Sibling conflict stood out as an important correlate of children’s mental health, both for internalizing and externalizing problems. The authors give a number of explanations, including the fact that children may learn negative behaviour by fighting with their siblings and that ‘bad is stronger than good’; negative events may have more impact than positive events.

The authors conclude:

Our results indicate that the sibling context is important when considering maladjustment. Children and adolescents with warmer and less conflictive sibling relationships show significantly less problem behaviour, as well as children and adolescents who experience less differential treatment.

In addition to the overwhelming evidence of the impact of parent-child and marital relationships on child and adolescent development, the present meta-analysis is a reminder that the sibling relationships warrants more attention in research as well as in clinical settings.

What are your thoughts on this topic? In particular in relation to traumatic stress, do we involve siblings enough in mental health care, and do we know enough about them?

This article has appeared on The Mental Elf blog. Main reference: Buist KL, Deković M, & Prinzie P (2013). Sibling relationship quality and psychopathology of children and adolescents: a meta-analysis. Clinical psychology review, 33 (1), 97-106 PMID: 23159327

7 thoughts on “The role of siblings in children’s mental health

  1. Siblings of children with special needs have received little
    attention in the occupational therapy literature. However, siblings play an
    important role in the development of children with special needs. Siblings are
    also at risk for problems of emotional adjustment that have an impact on their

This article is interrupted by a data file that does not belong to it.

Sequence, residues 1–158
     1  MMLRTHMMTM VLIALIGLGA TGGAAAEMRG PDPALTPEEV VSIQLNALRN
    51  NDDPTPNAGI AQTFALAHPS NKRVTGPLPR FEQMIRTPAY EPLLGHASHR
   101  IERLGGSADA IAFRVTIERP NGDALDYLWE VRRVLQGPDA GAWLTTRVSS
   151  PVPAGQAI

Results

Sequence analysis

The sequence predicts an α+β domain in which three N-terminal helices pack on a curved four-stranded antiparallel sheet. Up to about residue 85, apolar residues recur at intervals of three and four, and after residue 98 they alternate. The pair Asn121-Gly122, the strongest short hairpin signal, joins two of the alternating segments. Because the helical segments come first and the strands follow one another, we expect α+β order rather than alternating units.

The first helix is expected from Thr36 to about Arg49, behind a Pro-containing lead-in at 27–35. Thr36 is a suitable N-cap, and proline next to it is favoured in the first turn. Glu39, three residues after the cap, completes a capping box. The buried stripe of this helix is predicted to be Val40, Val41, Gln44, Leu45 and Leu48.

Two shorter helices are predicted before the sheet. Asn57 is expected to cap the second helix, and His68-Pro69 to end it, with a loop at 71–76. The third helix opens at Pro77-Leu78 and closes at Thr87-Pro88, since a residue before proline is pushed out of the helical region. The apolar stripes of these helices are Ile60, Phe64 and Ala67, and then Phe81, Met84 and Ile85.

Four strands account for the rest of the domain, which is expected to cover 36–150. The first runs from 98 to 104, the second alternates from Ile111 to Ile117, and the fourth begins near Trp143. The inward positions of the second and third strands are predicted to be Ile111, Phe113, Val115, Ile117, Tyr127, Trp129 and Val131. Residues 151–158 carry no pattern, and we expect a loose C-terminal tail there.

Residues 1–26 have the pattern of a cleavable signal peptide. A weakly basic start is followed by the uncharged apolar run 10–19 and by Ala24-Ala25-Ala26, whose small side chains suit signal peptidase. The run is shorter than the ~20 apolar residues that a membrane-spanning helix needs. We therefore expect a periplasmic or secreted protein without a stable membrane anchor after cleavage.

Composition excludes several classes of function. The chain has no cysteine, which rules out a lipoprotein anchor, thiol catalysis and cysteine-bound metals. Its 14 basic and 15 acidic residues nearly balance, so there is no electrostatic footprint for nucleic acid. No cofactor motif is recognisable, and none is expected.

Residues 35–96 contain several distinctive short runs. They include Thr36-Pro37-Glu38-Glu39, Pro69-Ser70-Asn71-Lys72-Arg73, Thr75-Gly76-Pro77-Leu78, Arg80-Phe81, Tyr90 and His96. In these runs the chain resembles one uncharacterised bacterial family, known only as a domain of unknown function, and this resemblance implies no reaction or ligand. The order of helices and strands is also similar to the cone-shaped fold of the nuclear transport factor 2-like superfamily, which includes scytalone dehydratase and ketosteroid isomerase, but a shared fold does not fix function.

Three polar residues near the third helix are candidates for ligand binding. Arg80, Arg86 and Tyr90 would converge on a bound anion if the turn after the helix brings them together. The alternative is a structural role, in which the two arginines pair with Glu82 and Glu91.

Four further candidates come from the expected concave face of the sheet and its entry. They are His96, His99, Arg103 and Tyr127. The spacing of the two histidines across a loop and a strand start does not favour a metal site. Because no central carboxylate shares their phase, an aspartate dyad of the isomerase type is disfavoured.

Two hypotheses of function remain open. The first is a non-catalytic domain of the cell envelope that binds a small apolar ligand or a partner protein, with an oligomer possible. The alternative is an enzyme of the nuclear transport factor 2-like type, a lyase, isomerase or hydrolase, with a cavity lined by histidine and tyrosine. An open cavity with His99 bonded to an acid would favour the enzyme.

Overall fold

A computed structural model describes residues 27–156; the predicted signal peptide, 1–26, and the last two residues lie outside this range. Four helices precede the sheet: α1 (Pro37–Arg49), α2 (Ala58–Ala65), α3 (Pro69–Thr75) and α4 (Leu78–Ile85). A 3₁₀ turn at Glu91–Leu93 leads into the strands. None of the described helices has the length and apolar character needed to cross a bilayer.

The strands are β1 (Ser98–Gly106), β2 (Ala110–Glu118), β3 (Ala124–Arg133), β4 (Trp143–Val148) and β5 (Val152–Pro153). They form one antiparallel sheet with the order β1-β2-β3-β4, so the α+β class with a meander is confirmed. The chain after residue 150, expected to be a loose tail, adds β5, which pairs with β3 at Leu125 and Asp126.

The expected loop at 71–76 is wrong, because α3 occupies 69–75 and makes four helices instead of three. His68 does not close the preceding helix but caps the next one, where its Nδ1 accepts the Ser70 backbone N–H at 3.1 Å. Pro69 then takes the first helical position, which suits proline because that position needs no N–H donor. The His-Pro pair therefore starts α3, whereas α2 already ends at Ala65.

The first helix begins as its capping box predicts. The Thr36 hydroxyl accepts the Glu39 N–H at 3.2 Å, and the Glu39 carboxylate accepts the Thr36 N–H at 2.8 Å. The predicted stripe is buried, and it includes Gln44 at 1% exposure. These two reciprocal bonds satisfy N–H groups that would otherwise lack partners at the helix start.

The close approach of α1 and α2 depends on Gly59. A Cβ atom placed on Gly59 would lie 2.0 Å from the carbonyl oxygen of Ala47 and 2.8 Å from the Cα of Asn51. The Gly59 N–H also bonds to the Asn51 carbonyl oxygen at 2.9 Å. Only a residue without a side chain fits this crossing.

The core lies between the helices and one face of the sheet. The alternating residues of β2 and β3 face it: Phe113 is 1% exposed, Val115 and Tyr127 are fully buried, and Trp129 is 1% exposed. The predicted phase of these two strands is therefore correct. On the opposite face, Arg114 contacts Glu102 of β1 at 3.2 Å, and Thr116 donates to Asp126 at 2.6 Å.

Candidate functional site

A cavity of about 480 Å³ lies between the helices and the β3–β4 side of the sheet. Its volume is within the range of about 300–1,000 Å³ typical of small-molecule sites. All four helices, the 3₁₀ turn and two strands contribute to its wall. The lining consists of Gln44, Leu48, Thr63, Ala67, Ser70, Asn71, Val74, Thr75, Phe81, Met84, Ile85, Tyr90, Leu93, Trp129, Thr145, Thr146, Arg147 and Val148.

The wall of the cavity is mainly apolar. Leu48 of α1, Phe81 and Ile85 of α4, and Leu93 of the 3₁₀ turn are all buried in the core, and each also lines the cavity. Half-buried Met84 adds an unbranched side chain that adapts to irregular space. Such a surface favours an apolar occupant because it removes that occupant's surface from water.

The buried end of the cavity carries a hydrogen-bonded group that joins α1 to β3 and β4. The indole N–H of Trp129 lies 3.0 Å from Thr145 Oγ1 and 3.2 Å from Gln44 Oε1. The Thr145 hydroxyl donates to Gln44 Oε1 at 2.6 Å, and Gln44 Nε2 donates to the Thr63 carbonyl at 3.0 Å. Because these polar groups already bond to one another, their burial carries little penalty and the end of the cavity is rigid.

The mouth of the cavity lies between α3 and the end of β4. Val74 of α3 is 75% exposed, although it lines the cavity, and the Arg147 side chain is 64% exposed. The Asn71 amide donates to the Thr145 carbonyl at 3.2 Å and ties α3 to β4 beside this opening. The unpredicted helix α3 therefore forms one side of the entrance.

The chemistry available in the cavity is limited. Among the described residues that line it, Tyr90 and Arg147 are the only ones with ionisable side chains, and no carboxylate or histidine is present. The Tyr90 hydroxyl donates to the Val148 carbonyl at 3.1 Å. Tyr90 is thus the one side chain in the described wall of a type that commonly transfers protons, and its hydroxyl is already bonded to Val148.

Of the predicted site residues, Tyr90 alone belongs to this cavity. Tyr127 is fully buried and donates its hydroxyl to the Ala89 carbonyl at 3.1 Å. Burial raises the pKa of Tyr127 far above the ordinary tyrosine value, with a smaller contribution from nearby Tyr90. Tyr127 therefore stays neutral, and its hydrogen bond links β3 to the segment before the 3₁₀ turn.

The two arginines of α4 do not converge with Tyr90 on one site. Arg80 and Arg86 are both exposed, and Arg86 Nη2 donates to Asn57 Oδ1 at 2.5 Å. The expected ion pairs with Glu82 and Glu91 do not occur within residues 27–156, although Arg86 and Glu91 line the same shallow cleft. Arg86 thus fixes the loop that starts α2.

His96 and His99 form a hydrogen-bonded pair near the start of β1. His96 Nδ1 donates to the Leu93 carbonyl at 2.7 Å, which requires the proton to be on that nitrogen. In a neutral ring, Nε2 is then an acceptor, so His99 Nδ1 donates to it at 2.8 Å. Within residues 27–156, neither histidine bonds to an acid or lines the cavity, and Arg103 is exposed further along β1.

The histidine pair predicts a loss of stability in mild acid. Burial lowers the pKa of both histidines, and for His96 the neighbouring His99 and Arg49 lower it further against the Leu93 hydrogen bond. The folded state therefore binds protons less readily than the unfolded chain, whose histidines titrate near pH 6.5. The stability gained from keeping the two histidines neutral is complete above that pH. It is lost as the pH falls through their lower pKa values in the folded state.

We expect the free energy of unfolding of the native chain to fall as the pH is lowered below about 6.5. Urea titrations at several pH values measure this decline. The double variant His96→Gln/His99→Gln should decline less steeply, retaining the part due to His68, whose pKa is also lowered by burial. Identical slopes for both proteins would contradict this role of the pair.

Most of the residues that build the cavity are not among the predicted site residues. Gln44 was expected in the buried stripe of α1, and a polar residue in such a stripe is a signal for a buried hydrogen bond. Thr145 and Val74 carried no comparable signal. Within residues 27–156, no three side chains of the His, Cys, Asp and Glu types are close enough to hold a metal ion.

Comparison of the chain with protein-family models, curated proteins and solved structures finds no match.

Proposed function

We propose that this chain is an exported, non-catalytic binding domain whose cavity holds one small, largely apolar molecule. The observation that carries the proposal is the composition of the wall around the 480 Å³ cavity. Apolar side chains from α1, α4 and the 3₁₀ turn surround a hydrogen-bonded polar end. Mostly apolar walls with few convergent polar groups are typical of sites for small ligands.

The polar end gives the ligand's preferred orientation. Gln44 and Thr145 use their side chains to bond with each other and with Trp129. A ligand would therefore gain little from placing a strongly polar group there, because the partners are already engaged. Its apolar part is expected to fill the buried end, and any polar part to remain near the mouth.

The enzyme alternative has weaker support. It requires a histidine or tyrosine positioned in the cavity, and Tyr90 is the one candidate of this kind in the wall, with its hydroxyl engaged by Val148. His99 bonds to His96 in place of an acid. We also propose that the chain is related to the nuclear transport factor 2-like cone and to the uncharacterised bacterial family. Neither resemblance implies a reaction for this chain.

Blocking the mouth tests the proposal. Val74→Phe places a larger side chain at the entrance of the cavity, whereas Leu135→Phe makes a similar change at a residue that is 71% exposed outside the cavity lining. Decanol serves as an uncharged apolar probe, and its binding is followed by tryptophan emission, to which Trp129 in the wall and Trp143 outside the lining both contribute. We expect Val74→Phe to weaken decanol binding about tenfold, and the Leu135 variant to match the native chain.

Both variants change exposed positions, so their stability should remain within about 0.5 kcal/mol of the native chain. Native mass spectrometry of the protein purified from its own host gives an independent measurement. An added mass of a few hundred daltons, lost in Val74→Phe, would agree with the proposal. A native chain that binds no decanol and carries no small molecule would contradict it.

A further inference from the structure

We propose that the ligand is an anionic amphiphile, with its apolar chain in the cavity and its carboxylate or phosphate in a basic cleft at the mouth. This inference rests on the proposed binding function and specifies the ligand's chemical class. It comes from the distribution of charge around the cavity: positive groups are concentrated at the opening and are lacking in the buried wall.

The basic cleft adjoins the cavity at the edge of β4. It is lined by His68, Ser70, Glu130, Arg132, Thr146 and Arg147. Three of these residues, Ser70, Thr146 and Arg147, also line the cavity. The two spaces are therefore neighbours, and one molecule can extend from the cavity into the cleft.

own well-being as well as the well-being of the family. The research on siblings
    of special needs children is reviewed and followed by a description of the
    Ottawa Children’s Treatment Centre sibling programme.

  2. being one of four siblings I understand that there is a big role that siblings play to one another as far as mental health and overall happiness. When one sibling suffers from a mental health disorder there is a much higher risk for the other children to have it or develop it. Also siblings can make the disorder worse or better just from the type of interaction the siblings have. Awesome post. Can’t wait to see more.

  3. This was very interesting, the role of siblings definitely does effect childrens mental health. Children with positive sibling interaction would be more likley to have better mental health.
    It makes since due to the fact that if one of the children that came from a family with conflicting sibling relationships develops a mental health disorder, it will increase the chances of all the siblings greatly.

  4. would love to see data/ studies on this as relates to children that have been removed from biological parents/ home due to deplorable circumstances,– only for {said} parent to have additional children, and DFCS not remove them. Sometimes those children are also removed, other times, more often than not, the parent is given a “clean slate” to mess up again on another child, and that new child is left in home, in which most often the circumstances have not changed. The whole concept of keeping sibling groups together, and how those children growing up cope / turn out {the nature vs. nurture part} based on whether the sibling groups remain separate and the parent is given (yet) another chance, or whether all effort is made to keep the sibling groups together. Seems that too often the adults get cut the breaks and millions of chances, while the poor kids just suffer without advocates. We find ourselves in this very situation. Rescuing children from sure and certain fate, is a tireless, expensive, exhausting, frustrating process— all with no guarantees.

  5. Appropriate controls are difficult. While it may be true that children with warm , non-conflictive relationships have less behavior issues, it may also be true that children with fewer behavior issues tend to have warmer, less conflictive relationships with their siblings! I know it is anecdotal, but I have seen both played out with the same child at different stages of their life!

  6. Here is the thing. A good relationship between siblings does not occur naturally. It’s up to the parents to build it. It’s very hard work but this study is proof that it pays off.

  7. Great article… another fascinating case study about sibling interaction and/or trauma is To Soften the Blow by Lynnie Vessels, if anyone has read it. It’s a truly amazing book and offers the best insight into coping with trauma and the importance of family after a traumatic event.